This investigative case module was prepared as part of a BioQUEST faculty development workshop entitled Selected Cases at Beloit College in June 1999. The cases, resources, and implementation strategies were developed by participants for use with their own students. We invite you to adopt and adapt the following materials.

The BioQUEST Curriculum Consortium is committed to the reform of undergraduate biology instruction through an emphasis on engaging students in realistic scientific practices. This approach is sometimes characterized as an inquiry driven approach and is captured in BioQUEST's three P's (problem-posing, problem-solving, and peer-persuasion). As part of this workshop groups of faculty were encouraged to initiate innovative curricular projects. We are sharing these works in progress in the hope that they will stimulate further exploration, collaboration and development. Please see the following links for additional information:

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Investigative Cases
   
The Case: Kujira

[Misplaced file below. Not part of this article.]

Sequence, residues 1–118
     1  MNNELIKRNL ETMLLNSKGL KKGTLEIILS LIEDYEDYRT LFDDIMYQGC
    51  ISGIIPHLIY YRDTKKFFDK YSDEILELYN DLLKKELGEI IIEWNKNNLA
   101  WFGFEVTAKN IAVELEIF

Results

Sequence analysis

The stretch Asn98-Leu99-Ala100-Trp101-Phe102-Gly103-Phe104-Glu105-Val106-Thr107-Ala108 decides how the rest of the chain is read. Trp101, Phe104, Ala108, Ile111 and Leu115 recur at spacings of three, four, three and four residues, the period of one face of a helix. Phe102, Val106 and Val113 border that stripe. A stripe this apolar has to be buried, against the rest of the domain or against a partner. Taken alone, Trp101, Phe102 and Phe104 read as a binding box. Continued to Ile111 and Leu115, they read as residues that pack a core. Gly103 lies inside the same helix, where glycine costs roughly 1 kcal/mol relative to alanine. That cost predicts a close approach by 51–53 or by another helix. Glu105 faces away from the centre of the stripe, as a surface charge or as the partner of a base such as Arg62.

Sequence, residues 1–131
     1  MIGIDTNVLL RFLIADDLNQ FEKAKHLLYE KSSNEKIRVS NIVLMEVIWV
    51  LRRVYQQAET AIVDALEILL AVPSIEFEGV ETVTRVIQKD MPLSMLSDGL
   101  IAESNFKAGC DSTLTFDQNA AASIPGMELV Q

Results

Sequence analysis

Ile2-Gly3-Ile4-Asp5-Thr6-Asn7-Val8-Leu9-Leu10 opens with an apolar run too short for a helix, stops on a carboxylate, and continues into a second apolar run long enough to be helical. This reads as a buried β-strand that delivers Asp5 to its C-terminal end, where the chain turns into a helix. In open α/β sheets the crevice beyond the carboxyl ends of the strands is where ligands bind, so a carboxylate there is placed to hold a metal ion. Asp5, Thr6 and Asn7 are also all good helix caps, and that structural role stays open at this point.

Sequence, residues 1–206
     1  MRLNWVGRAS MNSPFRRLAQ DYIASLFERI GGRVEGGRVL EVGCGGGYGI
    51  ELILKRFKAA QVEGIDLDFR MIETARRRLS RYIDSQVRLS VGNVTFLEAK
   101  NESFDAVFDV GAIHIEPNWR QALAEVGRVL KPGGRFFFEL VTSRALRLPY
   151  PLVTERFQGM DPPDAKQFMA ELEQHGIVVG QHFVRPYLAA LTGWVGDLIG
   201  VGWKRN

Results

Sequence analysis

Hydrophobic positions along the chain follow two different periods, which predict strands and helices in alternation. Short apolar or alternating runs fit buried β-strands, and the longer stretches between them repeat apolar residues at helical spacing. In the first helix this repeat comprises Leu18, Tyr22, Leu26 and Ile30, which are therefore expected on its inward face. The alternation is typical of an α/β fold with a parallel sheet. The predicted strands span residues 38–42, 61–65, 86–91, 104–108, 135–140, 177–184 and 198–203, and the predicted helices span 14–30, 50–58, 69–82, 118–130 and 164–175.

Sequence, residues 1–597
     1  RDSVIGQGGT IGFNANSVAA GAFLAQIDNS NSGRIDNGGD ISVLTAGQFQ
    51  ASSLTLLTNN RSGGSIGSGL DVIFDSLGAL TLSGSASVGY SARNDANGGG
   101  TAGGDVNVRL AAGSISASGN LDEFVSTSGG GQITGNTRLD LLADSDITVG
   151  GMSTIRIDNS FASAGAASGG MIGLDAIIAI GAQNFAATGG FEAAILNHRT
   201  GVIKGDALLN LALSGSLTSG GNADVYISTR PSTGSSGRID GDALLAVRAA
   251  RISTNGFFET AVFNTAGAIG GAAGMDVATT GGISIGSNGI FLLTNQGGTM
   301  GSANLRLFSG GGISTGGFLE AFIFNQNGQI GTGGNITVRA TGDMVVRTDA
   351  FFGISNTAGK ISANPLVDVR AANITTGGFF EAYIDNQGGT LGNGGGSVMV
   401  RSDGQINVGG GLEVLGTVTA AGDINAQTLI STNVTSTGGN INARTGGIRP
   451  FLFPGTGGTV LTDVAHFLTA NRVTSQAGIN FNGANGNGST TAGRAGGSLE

Teruko sat with her friend Sean at lunch and enthusiastically described her brother’s wedding and reception in Japan. “The family hired special chefs who prepared some amazing dishes. My favorite was the kujira.”

“What’s kujira?” Sean asked.

“It’s whale meat.” Teruko replied. When Sean made a face, she continued, “It’s delicious really. Better than this pepperoni pizza.”

“Isn’t whale meat illegal? I read there’s a huge black market and people pay up to $400 a pound for what they think is whale meat,” Sean said.

Now it was Teruko who made a face. “How do they know it’s not whale meat?” she asked.

“Some biotech test,” Sean replied with a shrug.

Case Author:
Margaret Waterman Southeast Missouri State University
Ethel Stanley Beloit College

Case Analysis

Whales are swimming oceanic mammals
Dolphins are illegal to catch
Whaling is legal in some countries like Japan
DNA sequencing is helpful
Protein analysis is helpful (electrophoresis)
HPLC or Mass spec are helpful
Having a data base is important


What is a whale?
What is the difference between a whale and a dolphin?
Why substitute dolphin for whale meat?
What are the legalities (whaling)?
What's in a corn dog?
What's involved in a traditional Japenese wedding ceremony?
What type of biotech test is done?
Are there other tests?
How is Kujira prepared?
What types of whales can you eat? (gender based?)

Option: Include a know / need to know chart like the one below:

What do you know?
What do you need to know?
   

Learning Goals

Goal(s)

The relevance and use of molecular data in modern biology